If you’re a crow in the Grand Rapids area, however, you may need to find other ways to evade the owls! John’s local flock uses a copse of tightly-packed White Spruce to shelter from wind, weather, and owls. John was walking along and saw a clump of dark feathers on the snow: looking up the tree, he saw a crow’s lower mandible stuck in a branch, as well as another chunk of feathers. Apparently, the copse was not as owl-proof as the crows had hoped! This is why crows have such a confrontational relationship with owls: if they spot one in the daytime, they will gleefully harass it and do their best to move it out of their area. They know it’ll exact its revenge come nighttime!

John ends with a sneak peek at February phenology. In the next month, we can expect to see Bald Eagles working on their nests. Skunks will emerge from their winter dormancy (John’s already had a few reports of them). With their short legs, they avoid deep snow and are drawn to roads and sidewalks: a dangerous place to be! Snow Buntings will be moving through as they head back to the arctic. If you’re on the western half of the state, keep an eye for Horned Larks moving through. While some crows and robins stay in the area throughout the year, the migratory individuals will be moving through. All the woodpeckers will begin drumming in February, as they stake out territories for breeding season. Pussy willows will begin to come out, and the Red Osier Dogwoods will be the first willows to brighten up [they’re already quite vibrant in the Twin Cities!]. By the end of the month, all of the (non-pussy willow) willows will be absolutely vibrant! John concludes, “February has a lot of things to watch for. Keep your eyes open, and when you see ‘em, let us know! We love to hear from you.”

That does it for this week! See something noteworthy? We would love to hear from you! Get in touch with me ( or John (, or text 'phenology' to 218-326-1234.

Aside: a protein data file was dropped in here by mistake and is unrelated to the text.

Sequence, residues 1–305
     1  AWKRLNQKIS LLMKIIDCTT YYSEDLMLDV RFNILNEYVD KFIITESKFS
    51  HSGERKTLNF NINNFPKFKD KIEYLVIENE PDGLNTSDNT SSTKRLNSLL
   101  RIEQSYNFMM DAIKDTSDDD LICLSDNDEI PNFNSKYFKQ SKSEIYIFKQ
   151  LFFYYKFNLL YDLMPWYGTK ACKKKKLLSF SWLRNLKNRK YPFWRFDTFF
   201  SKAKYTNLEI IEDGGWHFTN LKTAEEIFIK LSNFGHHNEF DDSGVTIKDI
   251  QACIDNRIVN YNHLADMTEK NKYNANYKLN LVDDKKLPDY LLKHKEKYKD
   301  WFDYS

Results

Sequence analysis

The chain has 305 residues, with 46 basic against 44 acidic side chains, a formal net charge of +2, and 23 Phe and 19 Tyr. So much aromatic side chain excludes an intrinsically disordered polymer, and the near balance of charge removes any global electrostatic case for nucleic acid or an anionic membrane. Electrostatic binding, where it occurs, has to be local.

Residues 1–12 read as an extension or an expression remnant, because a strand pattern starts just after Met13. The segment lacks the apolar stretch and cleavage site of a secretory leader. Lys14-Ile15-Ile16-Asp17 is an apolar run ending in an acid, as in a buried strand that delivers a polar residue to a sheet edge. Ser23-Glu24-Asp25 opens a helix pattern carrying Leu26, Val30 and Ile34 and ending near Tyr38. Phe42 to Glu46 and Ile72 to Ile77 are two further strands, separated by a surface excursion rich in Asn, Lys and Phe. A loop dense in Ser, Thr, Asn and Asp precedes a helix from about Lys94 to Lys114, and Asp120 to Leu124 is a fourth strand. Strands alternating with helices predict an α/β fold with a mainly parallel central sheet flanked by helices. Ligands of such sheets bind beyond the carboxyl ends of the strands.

For more phenology, subscribe to our Season Watch Newsletter or visit the Season Watch Facebook page.

Funding for this project was provided by the Minnesota Environment and Natural Resources Trust Fund as recommended by the Legislative-Citizen Commission on Minnesota Resources (LCCMR).

As a mail carrier in rural Grand Rapids, Minn., for 35 years, John Latimer put his own stamp on a career that delivered more than letters. Indeed, while driving the hundred-mile round-trip daily route, he passed the time by observing and recording seasonal changes in nature, learning everything he could about the area’s weather, plants and animals, and becoming the go-to guy who could answer customers’ questions about what they were seeing in the environment.
Heidi Holtan is KAXE's Director of Content and Public Affairs where she manages producers and is the local host of Morning Edition from NPR. Heidi is a regional correspondent for WDSE/WRPT's Duluth Public Television’s Almanac North.
KAXE/KBXE Senior Correspondent
Charlie Mitchell (she/they) joined the KAXE team in February of 2022. Charlie creates the Season Watch Newsletter, writes segment summaries for the website, and coordinates our Engaging Minnesotans with Phenology project. With a background in wildlife biology, she enjoys learning a little bit about everything, whether it's plants, mushrooms, aquatic invertebrates, or the short-tailed shrew (did you know they can echolocate?).